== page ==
Geopolitics of Asian missiles

 

The Asian continent is where economic power is shifting from Western Europe and North America. China, India, and South Korea dealt with the global financial crisis of 2007-8 better than many European states. China is already the second largest world economy; India is noted for having pulled a hundred million people out of extreme poverty. These are impressive achievements even as both China and India are showing signs of a slowdown and the latter still has 450 million people below the poverty line.

Interestingly, China achieved phenomenal economic success without giving up the authoritarian grip of the communist party on power; India has taken great strides forward in the din of its rather chaotic democratic politics. The Asians seem to be able to work any economic model with aplomb.

Economic achievements, however, are not matched by success in creating a harmonious political order in Asia. Bandung’s five principles of coexistence (Panch Sheela) have not led to a resolution of contentious issues left behind by the colonial era. India and Pakistan are the prime examples of this failure as they have fought wars and staged huge military confrontations short of war. China has not been able to settle the border with India not only because of differing territorial claims but also because of unstated approaches to Tibet.

Many Asian analysts argue that the worst violence seen by the continent came from armed interventions by outside powers — the French colonial war in Indo-China, taken over later by the United States; Soviet invasion of Afghanistan; Israel’s western-backed occupation of Palestine and other invasions of Arab lands; Saddam Hussain’s western-inspired invasion of Iran and American military interventions in Afghanistan and Iraq. According to this interpretation of Asian history, India-Pakistan conflicts were made more intractable by their conflicting alignments with opposing global power blocs during the Cold War.

The major Asian countries are spending staggering amounts of money on the acquisition and production of arms. China’s gross defence outlay is larger than that of India though, according to Jane’s Defence Weekly, India’s aggregate defence procurement spending between 2011 and 2015 would exceed $100 billion (Dh367 billion). Cash-strapped Pakistan still feels obliged to commit an unaffordable percentage of GDP to national security. Very often, defence expenditures are driven not by real threats but the perception of ruling elites that military power is vital to national esteem, sense of identity and, above all, to the creation of spheres of influence.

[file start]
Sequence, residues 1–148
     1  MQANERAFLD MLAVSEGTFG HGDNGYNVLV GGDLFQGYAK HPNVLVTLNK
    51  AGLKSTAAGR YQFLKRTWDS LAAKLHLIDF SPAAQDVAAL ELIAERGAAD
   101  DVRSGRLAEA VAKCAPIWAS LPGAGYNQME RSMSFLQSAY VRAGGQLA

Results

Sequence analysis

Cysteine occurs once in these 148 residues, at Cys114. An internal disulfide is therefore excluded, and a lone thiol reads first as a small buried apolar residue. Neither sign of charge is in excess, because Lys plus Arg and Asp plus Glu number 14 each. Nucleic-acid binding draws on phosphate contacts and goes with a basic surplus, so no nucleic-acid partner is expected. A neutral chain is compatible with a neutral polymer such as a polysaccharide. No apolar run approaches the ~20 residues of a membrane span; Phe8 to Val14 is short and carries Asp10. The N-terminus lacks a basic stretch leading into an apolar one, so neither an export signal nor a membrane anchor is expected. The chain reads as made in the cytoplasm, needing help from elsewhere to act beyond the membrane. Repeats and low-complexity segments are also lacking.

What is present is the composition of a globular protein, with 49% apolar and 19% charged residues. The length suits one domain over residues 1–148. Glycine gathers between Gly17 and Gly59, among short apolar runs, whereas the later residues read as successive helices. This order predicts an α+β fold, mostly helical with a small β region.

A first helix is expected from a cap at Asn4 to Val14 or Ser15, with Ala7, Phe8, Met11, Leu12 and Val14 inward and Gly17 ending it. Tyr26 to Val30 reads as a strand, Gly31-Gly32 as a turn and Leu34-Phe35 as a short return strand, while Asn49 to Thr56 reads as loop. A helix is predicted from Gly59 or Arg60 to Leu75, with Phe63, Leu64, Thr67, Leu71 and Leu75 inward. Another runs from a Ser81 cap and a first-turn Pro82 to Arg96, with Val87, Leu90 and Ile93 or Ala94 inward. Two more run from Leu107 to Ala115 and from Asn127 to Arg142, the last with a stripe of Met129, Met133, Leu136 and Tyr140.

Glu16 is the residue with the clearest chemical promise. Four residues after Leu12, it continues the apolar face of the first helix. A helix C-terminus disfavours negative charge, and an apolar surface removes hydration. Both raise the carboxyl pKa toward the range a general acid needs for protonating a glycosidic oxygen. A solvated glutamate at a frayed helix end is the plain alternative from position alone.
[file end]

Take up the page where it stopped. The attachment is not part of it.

Nasr Cruise Missile

As emblems of Asia’s militarisation, indigenously manufactured or purchased missiles abound. International commentaries on the Indian missile test of April 19 highlighted the Indian capability to hit Beijing and China’s great economic hub, Shanghai, with conventional or nuclear weapons. It altered the old maxim that large scale warfare between India and China across the Himalayas was impossible.

By testing Agni-V, India has joined the exclusive club of powers capable of producing inter-continental ballistic missiles. It also demonstrated its capability for an ambitious space programme. India already possessed Pakistan-specific Prithvi series, medium-range Agni series and other effective systems. It can launch conventional and nuclear weapons from land, air and sea.

Outclassed in conventional forces, Pakistan has developed a range of nuclear-capable missiles that effectively counter-balance India. Its medium range Hatf series and a cruise missile can reach most targets in India. Pakistan’s latest test of an improved Hatf-Shaheen A-1 missile was carried out only six days after the Indian test. It is also building short range missiles like the 60-km Nasr, an entry into the tactical weapons field to bolster its deterrence. Hit hard by Iraq’s Scud missiles, Iranian planners took up missile projects with vengeance. While Iran’s nuclear programme has mysteries, it practices high transparency in missile development as a deterrent-enhancer.

Iran’s Shahab-3 missile and the Sejjil series cover the Gulf region well and can reach targets in Israel. Of particular interest to Iran’s neighbours and other maritime nations is its arsenal of surface to sea missiles. Iran’s Safir rocket has lifted satellites into space and can, theoretically, lead to long range missiles. Just as India and Pakistan have reached a theatre balance, the regional Arab states are investing heavily in purchasing western missile systems for delivery and interception.

Consider that external actors do not necessarily seek early reduction of tensions. Washington wants to de-fang North Korea and expects a regime change prior to reconciliation between the two Korean states. It wants India to share the strategic burden of limiting Chinese outreach and influence. Its Iran policy is very complex; its arms deals with Arab states constrain Iranian ambitions and weaken the grip of hawkish elements in the Iranian state. Iran is probably still the main prize that Washington wants to win by diplomacy, coercion or even a limited war.

Deterrence stability has served India and Pakistan well. It can also be effective in the Gulf region. The pre-condition is robust diplomatic engagement between Iran and the GCC states under a strategic overhang. In the final analysis, missiles will end up as promoters of peace or as instruments of huge damage depending upon how human agents negotiate present differences.

—(Gulf News)

Tanvir Ahmad Khan is a former Pakistani foreign secretary and ambassador to several states.

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